The FIFA executive committee that votes on World Cup hosts uses an ‘exhaustive ballot’ system, whereby the candidate receiving the fewest votes in each round is eliminated until a single candidate is chosen by the majority.
This method is open to corruption, and I’ll explain how below. Note that this is not a condemnation of the system, which is excellent, but a review of the different ways people can influence voting within this method if bribery / vote selling was allowed to happen.
Typically, Members of the executive committee end up being either from the countries one of the bids is from (sometimes) or (more likely) from the same confederation as the bid is coming from. In the case of 2018 and 2022, almost all bids have a representative on the committee.
So while you can expect most ‘initial’ votes to go to either their own bids or to those of their close political allies (for example you can expect Oceania’s representative to vote for Australia 2022 bid), this leaves a raft of votes from outside the bidding confederations that will (supposedly) go to the best bid.
The way things have been set up through collusion between the bidding countries, only UEFA countries are bidding for 2018 and AFC / CONCACAF countries are bidding for 2022. This leaves a vast chunk of votes that can be manipulated for one or both World Cups.
The key to the exhaustive ballot system is the ‘elimination’ of candidates and how that can free up votes. So the initial round for 2018, for example, will see one of England, Russia, Belgium-Netherlands and Portugal-Spain will be eliminated. All four bids have sitting members in the executive committee, and the first loser’s vote will then be for one of the other teams.
What would the price be for a ‘second’, or ‘third’, candidate vote?
Both the bidder nations and those with no apparent interests in where the World Cup goes will go into the voting process with a list of voting preferences – who they vote for first, and who they will vote for afterwards if their preferred candidates are eliminated. And it’s this list of preferences that can be manipulated, bought or sold – whether it’s the ‘second-choice’, or in the ‘first choice’. So Spain may be voting for themselves in the first two rounds of the 2018 voting process but after elimination, and left with England v Russia, they could easily have sold their vote to the highest bidder.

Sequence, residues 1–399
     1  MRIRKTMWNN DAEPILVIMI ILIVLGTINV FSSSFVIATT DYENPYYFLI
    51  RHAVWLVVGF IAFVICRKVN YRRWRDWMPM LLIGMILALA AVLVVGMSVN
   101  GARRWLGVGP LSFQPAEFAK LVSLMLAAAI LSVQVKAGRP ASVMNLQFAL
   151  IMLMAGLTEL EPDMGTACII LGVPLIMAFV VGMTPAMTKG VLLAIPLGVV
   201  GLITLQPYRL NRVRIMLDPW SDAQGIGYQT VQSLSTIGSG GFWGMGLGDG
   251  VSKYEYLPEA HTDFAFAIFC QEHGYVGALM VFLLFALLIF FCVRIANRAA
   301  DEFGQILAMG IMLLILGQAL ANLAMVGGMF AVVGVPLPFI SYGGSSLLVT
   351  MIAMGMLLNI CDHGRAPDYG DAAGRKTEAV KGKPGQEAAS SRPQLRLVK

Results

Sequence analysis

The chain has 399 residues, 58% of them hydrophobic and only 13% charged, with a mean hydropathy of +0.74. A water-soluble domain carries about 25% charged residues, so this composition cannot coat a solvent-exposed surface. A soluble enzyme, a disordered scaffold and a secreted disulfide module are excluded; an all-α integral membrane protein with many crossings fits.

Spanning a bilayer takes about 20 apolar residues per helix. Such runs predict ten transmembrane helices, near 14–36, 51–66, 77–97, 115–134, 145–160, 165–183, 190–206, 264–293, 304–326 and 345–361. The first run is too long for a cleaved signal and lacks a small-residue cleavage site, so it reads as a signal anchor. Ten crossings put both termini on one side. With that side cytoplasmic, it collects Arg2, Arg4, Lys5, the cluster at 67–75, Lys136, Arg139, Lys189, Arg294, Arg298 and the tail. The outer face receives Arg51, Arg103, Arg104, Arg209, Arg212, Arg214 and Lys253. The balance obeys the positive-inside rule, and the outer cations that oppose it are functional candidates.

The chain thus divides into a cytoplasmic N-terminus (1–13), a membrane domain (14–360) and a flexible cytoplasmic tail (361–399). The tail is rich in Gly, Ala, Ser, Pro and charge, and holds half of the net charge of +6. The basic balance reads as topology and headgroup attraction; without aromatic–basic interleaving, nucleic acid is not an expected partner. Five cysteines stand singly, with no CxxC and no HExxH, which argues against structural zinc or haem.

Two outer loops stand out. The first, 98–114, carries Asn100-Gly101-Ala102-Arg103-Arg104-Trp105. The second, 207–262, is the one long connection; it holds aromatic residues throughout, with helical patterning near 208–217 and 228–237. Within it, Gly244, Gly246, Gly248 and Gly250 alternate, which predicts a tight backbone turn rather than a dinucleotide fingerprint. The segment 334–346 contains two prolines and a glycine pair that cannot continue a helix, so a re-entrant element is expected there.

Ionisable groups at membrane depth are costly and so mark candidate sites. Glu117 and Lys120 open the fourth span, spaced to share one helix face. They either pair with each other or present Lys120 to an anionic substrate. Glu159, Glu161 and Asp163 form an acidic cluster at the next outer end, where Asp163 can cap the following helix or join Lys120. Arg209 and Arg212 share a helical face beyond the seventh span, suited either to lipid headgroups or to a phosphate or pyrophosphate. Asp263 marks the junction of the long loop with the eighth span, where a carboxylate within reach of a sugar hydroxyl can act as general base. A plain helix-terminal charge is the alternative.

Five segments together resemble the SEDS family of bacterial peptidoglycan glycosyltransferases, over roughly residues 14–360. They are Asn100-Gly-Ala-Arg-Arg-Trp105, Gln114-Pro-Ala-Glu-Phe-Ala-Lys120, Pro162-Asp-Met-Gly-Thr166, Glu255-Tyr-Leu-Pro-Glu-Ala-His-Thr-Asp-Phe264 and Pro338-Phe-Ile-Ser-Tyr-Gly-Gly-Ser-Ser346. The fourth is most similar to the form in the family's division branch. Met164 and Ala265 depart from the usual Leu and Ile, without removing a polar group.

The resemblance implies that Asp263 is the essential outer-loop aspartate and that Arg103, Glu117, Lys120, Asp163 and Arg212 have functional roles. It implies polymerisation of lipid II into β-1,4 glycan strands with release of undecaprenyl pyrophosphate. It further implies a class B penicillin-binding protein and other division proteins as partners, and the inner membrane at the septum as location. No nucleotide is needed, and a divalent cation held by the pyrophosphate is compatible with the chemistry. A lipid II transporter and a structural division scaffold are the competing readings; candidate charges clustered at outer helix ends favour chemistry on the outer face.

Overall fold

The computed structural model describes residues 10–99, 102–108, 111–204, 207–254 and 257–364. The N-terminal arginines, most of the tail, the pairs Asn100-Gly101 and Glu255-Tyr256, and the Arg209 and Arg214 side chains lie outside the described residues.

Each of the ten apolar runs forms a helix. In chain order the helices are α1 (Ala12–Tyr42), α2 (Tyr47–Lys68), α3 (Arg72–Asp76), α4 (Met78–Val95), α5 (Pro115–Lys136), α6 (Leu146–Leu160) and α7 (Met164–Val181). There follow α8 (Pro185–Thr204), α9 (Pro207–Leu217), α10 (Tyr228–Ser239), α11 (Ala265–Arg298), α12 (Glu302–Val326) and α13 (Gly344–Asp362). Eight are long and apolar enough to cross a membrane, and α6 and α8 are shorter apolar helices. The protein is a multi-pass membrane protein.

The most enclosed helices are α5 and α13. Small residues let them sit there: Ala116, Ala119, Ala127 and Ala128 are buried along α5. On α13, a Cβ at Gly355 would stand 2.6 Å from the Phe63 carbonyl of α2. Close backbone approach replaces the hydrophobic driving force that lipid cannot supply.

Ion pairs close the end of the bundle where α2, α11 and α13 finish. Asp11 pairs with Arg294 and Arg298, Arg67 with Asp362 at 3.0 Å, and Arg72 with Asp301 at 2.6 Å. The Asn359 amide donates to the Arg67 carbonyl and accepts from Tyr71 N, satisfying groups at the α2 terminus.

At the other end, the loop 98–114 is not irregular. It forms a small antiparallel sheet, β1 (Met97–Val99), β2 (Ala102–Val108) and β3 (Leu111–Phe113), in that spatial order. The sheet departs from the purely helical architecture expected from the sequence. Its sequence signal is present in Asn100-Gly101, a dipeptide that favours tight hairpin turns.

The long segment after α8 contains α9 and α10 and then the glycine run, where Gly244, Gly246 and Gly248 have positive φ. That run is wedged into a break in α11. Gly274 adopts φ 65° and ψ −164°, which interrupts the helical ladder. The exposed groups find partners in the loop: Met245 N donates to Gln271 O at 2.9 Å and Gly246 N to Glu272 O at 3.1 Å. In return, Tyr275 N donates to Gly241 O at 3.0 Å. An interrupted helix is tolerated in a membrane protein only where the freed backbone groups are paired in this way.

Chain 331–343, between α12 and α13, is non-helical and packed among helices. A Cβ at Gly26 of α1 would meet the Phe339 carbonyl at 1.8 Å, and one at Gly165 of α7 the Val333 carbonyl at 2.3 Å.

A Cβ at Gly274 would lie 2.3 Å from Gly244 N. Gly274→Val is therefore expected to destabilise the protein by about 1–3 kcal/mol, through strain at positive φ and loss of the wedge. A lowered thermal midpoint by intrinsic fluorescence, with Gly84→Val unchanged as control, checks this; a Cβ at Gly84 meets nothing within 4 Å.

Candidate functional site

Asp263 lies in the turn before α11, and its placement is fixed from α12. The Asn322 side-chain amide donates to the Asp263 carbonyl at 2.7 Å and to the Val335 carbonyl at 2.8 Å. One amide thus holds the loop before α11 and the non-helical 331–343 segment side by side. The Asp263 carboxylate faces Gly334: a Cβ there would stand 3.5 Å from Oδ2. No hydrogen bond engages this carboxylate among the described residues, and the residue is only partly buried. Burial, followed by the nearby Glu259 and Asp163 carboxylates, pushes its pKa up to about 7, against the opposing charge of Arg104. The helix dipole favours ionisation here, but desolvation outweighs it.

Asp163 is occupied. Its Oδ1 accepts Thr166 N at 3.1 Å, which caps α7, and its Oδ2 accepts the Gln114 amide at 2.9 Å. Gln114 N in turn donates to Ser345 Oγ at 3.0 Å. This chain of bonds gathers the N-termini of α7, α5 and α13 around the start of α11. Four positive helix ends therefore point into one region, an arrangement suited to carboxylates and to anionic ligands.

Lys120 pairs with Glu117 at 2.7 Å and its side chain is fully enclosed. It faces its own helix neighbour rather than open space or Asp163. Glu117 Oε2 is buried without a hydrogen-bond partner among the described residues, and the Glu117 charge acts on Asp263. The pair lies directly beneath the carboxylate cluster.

Or it could be Argentina or Nigeria, with no vested interests in either 2018 or 2022, signed up by Russia and CONCACAF to vote for them all throughout.
The barter approach – already much discussed by the press, is more difficult to engineer but can still happen. For example, Spain/Portugal and Qatar are alleged to have agreed to ‘vote’ for each other in the 2018 and 2022 voting process. Of course, Spain’s representative is on the executive committee and so is Qatar’s. Another possibility could be a Russia / Australia collusion (2018 / 2022 again), or an England / CONCACAF collusion, where CONCACAF (3 reps) votes for England 2018 and in return England pushes for the 2022 World Cup to go to the United States.
At the end of it, it’s not direct cash that drives these deals, but favours and increased opportunities to make money. The 2006 World Cup was famously sent to Germany after Bayern Munich made an impromptu trip to the Far East to play in an exhibition game, garnering the crucial vote required to take the World Cup to Europe instead of South Africa. England have made Beckham a key figure in their efforts to garner support in CONCACAF, sending him to the Women’s Under-17 World Cup final, hosting a training event, and also pledging to do more of these stints around the World till 2018 if their bid is successful.
There is a lot of politics and financial interplay that goes into these bids. The South Korean representative may use their vote to garner support for his FIFA presidency bid. The Qatar representative may do the opposite – giving up his presidential candidacy in order to get support for the 2022 World Cup. Maybe Australia will host an Oceania tournament with proceeds going back to the Oceania rep’s shell company. Maybe Russia will tour Nigeria for a friendly game, where all the tickets will be sold by Adamu’s company at inflated rates.
It’s not pretty, and it’s not going to be transparent, regardless of what FIFA says.
Also See: Interview with Andrew Jennings – Investigative Journalist and Author of Foul! The Secret World of FIFA: Bribes, Vote Rigging and Ticket Scandals.